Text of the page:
The ban led to decreased sales for both supermarkets, as well as calls that both brands were actually saving money from the move and passing the cost on to the consumer by asking them to purchase reusable bags after a grace period during which they were handed out for free.
As the Australian public became used to the idea of bringing its own bags, however, sales figures normalised.
- More fall victim to administration
This year was another plagued by businesses voluntarily entering administration: menswear icon Roger David, kids store Toys ‘R’ Us, and US department store chain Sears, to name a few.
Almost universally, these businesses failed to keep up with the rapid pace of change in the retail industry, and, spread across too many locations, struggled with the rising cost of operating many bricks-and-mortar stores.
Deloitte’s White notes that the biggest issue, however, is the lack of investment in the proper systems and processes, while failing to focus on what their customers want.
“If you haven’t got some sort of structural ability to maintain contact with what’s happening in the market you can lose contact and lose relevance pretty damn quickly,” White says.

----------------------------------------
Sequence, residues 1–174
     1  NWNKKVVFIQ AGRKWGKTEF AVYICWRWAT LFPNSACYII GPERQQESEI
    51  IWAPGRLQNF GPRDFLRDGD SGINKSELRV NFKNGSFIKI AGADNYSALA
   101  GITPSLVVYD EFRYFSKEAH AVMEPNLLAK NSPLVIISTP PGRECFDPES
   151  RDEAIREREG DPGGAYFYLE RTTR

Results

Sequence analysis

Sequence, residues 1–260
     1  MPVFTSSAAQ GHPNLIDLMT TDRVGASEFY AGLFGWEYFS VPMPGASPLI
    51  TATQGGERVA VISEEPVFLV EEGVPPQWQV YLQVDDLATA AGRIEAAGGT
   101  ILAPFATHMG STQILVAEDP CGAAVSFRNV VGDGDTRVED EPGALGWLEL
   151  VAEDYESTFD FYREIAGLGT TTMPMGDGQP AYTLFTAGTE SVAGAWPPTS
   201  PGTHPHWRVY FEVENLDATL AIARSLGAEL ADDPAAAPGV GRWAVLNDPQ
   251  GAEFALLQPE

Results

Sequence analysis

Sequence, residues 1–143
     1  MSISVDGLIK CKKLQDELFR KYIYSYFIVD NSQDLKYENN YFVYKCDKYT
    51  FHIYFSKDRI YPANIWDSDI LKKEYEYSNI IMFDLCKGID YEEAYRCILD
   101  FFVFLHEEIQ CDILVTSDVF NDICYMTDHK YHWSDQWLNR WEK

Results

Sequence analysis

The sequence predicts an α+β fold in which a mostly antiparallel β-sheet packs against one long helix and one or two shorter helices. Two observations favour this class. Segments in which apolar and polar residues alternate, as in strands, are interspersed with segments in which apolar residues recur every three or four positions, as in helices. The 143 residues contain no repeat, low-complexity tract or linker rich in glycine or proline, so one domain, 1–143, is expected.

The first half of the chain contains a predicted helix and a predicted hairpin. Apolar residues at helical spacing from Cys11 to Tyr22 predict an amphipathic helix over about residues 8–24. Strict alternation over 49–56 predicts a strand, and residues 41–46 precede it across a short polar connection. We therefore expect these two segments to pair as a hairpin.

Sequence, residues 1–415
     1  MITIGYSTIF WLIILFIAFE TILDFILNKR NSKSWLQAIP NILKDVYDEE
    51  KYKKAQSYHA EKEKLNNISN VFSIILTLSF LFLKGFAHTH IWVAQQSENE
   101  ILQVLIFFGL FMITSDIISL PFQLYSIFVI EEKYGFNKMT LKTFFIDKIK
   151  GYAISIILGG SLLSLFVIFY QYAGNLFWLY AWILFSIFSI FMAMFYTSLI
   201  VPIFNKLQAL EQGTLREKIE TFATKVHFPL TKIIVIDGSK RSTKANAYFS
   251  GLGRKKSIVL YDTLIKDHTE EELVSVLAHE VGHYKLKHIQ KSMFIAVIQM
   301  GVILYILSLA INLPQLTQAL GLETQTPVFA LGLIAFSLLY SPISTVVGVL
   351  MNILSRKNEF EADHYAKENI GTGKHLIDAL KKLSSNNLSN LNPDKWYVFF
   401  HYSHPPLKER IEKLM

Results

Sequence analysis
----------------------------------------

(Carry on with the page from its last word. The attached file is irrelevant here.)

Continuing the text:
“There are things you can do to strategise around that but, fundamentally, if you haven’t understood what your customers want it’s very difficult to turn around a failing business.”
These are lessons that can be learned, says IBISWorld senior industry analyst Kim Do.
“Over the next five years, stores will begin shrinking their footprint. Retailers are being a lot more careful about their store locations and will only require a couple of good strategically located stores, while conducting the majority of their business online,” Do says.
“Online stores generally have lower overheads compared with their bricks-and-mortar counterparts and can, therefore, offer consumers more competitive prices.”
- Amazon, one year later
Online giant Amazon, despite the relatively quiet start, achieved quite a lot in 2018, potentially signalling a more considered approach to the Australian business moving forward.
“We’ve seen the expansion of SKUs over select items, the rollout of Amazon Prime, we’ve seen investments in new distribution centres [and] really good, talented people,” Deloitte’s White says.
Although the expectations placed on Amazon’s launch were not realistic, White notes that it still has much to improve on if it is to meet the same bar of quality it offers elsewhere in the world.
“If you look at pricing at the moment, it’s not where it is in other parts of the world,” White explains.
“[Additionally], I’ve not seen as huge a take-up [of Amazon Prime] as maybe they’ve had in other markets, and that is a critical part of the business model.”
While White expects Amazon to expand its services further into Australia over the coming years, he warns not to set unrealistic expectations on the business for 2019.
Bricks-and-mortar stores are back, but it's not quite business as usual. Here's how Hush Puppies, Sheike, Honey Bir… https://t.co/EgwBFwMgr48 hours ago
Companies and their officers have been given a temporary reprieve from their continuous disclosure obligations. Bus… https://t.co/njQdxrghoT9 hours ago